• KWillets

    Someone changed the photo. Now she’s smiling in a fake Burberry plaid shirt. Same website though!

  • wangkon936

    Yeah, it’s fake alright. Saw that same shirt in a Shanghai street stall for 50 RMB three months ago. Can probably talk it down to 30 RMB ($5 USD).

  • KWillets

    Now it’s changed to something else. They also reverted the Juche birthdate I added to her bio but left the website the same.

  • http://kuiwon.wordpress.com/ Kuiwon

    I’m surprised the troller hasn’t changed her name to 리정희.

  • KWillets

    The edit history of that page is hilarious. Her political party is currently listed as “Worker’s Party of Korea”, and I don’t think the most control-freaky editors can follow all the changes, eg:

    “After the presidential election, Lee will go back to Pyeongyang to join her North Korean government and to have long last relationship with her fiance Kim Jeong Eun.” (Reverted 10 Dec.)

  • http://profiles.google.com/dcmusicfreak DC Musicfreak

    Her actual affiliations, statements and positions on issues are enough of a sick joke.

  • SalarymaninSeoul

    Exactly, which leads me to believe Joe lost 30 points off his IQ since the format change here. Now, maybe Joe means that the staffers believe they will become state officers upon the Comrade’s victory, and he may be right. They are already acting very much like people who believe themselves to be empowered to bully and harass. I have little doubt that should Moon win, the country would very quickly drift in a northern direction.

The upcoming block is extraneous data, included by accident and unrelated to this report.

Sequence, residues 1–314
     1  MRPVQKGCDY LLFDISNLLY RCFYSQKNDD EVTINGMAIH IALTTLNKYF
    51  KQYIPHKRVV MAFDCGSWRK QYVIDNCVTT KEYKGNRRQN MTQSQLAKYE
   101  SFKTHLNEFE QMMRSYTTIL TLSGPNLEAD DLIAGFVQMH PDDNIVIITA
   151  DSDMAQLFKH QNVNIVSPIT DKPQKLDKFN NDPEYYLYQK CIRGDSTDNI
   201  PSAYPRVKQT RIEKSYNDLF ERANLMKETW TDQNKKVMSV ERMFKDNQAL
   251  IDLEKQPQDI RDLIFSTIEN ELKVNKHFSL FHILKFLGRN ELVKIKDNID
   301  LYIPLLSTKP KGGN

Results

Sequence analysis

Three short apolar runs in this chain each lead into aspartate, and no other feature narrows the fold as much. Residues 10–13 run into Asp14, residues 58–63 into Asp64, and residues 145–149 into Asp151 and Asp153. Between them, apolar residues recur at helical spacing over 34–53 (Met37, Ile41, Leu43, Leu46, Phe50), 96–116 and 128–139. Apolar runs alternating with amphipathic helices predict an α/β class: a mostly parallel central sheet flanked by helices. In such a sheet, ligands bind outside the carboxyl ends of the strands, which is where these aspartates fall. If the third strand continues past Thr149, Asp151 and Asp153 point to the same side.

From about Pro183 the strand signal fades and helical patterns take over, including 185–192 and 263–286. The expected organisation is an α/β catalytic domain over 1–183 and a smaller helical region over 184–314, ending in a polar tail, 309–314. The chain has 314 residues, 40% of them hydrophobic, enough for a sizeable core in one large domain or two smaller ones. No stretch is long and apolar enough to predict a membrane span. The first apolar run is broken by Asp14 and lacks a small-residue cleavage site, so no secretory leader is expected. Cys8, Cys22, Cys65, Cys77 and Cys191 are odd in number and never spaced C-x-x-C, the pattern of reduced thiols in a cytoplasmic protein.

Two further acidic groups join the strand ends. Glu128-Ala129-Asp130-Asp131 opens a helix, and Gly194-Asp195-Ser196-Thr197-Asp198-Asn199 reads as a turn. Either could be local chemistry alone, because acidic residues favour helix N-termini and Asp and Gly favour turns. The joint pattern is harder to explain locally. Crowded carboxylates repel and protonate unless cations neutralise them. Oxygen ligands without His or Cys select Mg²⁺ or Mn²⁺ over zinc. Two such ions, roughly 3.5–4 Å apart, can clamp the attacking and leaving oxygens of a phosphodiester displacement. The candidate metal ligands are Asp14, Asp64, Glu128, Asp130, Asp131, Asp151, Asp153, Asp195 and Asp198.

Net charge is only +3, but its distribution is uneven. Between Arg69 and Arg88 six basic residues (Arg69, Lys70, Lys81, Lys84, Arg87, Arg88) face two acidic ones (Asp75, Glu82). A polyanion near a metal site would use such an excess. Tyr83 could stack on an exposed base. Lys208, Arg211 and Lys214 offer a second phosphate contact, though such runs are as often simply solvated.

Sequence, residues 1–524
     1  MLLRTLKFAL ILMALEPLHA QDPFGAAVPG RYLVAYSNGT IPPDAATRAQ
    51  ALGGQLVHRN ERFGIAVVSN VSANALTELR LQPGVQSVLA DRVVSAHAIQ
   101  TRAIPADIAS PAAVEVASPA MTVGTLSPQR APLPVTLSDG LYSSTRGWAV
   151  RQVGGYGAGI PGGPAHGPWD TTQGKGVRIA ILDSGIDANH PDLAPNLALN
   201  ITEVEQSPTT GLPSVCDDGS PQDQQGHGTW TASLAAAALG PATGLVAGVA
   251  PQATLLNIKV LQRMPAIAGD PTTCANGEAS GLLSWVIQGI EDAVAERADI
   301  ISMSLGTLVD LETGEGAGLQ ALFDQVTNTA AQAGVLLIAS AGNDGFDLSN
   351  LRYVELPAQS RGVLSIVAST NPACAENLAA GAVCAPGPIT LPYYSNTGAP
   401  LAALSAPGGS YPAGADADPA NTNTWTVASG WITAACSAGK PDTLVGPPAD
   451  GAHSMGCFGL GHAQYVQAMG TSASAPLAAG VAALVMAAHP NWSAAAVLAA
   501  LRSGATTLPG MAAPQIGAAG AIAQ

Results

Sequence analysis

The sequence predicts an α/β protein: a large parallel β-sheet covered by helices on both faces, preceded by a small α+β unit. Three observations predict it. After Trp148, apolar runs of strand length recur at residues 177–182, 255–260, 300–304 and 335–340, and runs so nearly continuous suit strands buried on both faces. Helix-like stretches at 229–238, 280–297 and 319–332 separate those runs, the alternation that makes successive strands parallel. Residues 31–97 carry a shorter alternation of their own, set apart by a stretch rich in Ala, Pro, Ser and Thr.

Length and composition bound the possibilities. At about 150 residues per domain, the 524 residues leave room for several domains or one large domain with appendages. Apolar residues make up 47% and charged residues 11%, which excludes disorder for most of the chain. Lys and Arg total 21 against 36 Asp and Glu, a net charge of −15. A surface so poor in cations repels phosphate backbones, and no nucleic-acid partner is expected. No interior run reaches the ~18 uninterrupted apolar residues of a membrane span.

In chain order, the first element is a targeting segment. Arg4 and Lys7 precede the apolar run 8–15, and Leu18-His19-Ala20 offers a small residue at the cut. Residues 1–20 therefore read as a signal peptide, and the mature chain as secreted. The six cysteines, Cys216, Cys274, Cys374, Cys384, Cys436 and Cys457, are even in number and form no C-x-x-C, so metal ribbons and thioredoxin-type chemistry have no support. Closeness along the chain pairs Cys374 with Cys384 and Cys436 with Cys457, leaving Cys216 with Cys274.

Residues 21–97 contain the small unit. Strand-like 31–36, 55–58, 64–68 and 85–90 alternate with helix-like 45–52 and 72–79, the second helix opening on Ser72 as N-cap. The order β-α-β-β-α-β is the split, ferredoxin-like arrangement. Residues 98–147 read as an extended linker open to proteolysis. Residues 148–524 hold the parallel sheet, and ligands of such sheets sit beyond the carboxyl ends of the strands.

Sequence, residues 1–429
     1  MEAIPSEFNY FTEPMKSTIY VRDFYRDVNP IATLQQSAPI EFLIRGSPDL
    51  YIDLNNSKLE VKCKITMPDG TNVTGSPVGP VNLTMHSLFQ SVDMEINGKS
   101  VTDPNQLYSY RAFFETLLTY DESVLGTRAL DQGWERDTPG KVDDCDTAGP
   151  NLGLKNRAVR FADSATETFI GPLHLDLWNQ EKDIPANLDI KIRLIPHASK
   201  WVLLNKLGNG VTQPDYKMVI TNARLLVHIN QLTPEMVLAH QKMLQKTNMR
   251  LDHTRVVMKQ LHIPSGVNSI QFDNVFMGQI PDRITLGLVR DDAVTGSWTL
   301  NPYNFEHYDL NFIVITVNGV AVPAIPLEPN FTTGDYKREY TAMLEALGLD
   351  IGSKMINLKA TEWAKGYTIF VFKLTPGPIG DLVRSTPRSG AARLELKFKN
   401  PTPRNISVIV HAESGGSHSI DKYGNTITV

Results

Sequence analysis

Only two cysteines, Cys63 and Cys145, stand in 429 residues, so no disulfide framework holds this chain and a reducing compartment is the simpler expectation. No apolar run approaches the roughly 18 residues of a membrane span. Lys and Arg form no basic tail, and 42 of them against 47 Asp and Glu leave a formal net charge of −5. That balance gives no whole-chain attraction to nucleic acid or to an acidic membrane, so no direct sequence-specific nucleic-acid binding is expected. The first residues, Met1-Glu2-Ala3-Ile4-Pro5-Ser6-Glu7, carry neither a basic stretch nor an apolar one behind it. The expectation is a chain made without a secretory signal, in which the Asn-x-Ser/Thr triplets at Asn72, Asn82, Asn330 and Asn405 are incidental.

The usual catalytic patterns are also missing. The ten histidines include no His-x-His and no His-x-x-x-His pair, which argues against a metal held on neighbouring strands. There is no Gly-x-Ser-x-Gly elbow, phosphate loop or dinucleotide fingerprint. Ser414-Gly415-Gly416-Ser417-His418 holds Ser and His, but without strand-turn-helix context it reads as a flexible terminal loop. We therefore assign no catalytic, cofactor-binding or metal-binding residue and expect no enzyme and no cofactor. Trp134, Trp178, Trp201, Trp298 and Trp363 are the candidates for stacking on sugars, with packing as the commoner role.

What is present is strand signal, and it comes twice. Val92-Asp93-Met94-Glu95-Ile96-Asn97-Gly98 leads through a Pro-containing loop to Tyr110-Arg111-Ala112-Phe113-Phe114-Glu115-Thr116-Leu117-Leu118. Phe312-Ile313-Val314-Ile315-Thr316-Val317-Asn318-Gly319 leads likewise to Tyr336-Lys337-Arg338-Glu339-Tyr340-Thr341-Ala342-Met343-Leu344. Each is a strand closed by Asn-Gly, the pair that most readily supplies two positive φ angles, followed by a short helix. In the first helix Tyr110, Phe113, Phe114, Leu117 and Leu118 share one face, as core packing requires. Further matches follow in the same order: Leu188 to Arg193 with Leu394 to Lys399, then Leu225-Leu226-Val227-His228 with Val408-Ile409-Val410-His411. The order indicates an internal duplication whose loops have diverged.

• http://www.bcarr.com/ Brendon Carr

    The North Korean missile launch will accelerate the decoupling of the United States from South Korea. A 13,000 kilometer range, as is being reported in the JoongAng Ilbo, means the potential cost of US defense of Korea includes having a nuclear device lobbed somewhere in the Continental United States. Possibly that would be somewhere out in the uninhabited wastes of Nevada, but it could just as well hit somewhere vital, like St. Louis!

    So the question becomes Are you willing to get nuked to defend PSY, whose song you’re thoroughly sick of and oh by the way hates your Yankee asses? I think the answer to that is hell no. Game, set, and match to North Korea. South Korea is now on its own. Now, I think South Korea is capable of defending itself, but hats off to the North for its strategic triumph.

  • SalarymaninSeoul

    These things can still get intercepted. And besides, the nuking of the US changes the game from “Defending South Korea” to “Obliterating North Korea.” The defense of South Korea would be more difficult and would mean hundreds of thousands US troops engaged mainly in conventional warfare with NK troops (and Chinese?). The obliteration of North Korea would be much easier, much faster, and instead of hundreds of thousands of US troops would involve 2 subs launching their entire nuke arsenal at NK cities and strategic points. NK knows this.

  • RElgin